The RAV4 is, at last, in Claremore, ready to be driven by my mother when she comes to town next month. I have to say I felt really happy driving up Sandra and David's driveway. The grass is really high along the road. I don't think I've seen it this thick since I was a kid. I tend to see little snapshots of Claremore at various different seasons, so that's hardly surprising.
Last night when I drove to Limon I had no idea what it looked like, because it was a dark, moonless night, and there isn't much to Limon outside of the truck stop. It's green and flat. Not much to it, really. But it was interesting to see a dra shi turn into a dun shi.
Dra shis are mental pictures that you form of an object (e.g., a town) based on what you've heard; dun shis are what you actually see when you go to the place. My dra shi for Limon was pretty vague, so even though the dun shi wasn't very impressive, the time at which it arrived made it fun - normally you get the dun shi right when you arrive, not the next morning.
It would be tempting to give the standard travelogue of Kansas, which is that it's flat and lasts seven hours if you don't stop too often. But actually that's not a very accurate description. Last night Andrea tried to find some alternatives to Limon where I could stop. One of the towns she found was Flagler. Flagler, on a map, looks like a dot in the middle of a flat place, and you'd expect the place to look a lot like that, since it's in Kansas. (Technically, it's in Colorado, but Kansas really seems to start maybe fifty or so miles east of Denver, even though the border's another hundred or so miles away. Sort of the way Courmayeur seems more like Chamonix than it does like Aosta).
However, for some reason Flagler really charmed me. I only saw it from the highway, so possibly it's filled with grumpy people who swear at outsiders as they pass, but it really seemed quite charming. Neat, not unkempt, with a nice auto repair shop, green lawns, trees, that sort of thing. Your mind does that when it's been quiet for a while - it starts to see things differently. Even the little noname motel in Flagler seemed like it would have been a nice place to spend a night. I'll probably never know for sure.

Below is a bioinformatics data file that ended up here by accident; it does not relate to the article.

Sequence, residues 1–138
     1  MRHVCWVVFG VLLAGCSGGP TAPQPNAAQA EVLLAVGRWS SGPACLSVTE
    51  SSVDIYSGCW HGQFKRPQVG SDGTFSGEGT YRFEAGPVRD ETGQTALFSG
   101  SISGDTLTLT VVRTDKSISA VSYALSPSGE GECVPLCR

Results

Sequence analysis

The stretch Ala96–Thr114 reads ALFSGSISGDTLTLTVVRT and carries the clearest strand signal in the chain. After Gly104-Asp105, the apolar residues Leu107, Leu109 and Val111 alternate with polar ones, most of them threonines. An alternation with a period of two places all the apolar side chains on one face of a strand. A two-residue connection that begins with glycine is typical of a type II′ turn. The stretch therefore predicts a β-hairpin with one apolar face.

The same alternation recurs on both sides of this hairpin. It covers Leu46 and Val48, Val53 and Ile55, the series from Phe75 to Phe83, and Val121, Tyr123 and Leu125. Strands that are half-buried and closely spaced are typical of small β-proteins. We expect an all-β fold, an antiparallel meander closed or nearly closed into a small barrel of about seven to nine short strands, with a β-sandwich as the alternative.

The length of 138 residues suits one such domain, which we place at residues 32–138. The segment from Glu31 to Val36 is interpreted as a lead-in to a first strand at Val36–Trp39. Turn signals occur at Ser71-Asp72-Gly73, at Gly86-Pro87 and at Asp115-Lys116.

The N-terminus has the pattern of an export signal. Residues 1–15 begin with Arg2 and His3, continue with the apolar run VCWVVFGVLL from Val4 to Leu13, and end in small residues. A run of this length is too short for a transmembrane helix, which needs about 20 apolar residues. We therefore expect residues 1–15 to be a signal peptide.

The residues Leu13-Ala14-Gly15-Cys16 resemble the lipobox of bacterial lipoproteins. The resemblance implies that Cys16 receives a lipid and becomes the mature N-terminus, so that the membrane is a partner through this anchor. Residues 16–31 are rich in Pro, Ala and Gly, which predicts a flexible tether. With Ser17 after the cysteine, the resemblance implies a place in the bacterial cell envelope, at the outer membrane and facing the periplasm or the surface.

Unfortunately, as predicted, one of Flagler's virtues was not a *$$. However, it turned out that there *was* a *$$ across the border in Colby, Kansas. Sadly, though, this *$$ seemed to be populated by people who lived two hundred miles from the nearest other *$$, and had no idea what the drinks were actually supposed to taste like. Hint: a 12 ounce triple latte should taste strongly of coffee! And it shouldn't be so full of milk that it spills - there should be some foam. Oh well, I probably needed the protein, since I didn't eat until I got to Claremore.
If you reject the cynical view of Kansas, it begins to reveal its virtues to you. It's really not flat - it's more like an endless stream of rolling hills. You start to feel that the world is a bowl, and you are at the bottom of the bowl, and the world is shifting around you so that you always remain at the bottom, admiring the ever-(so slightly)-changing imagery. A creek rolls under your wheels. Some cows look up at you as you pass by. A whole field, maybe five or ten acres, of sunflowers swoop by.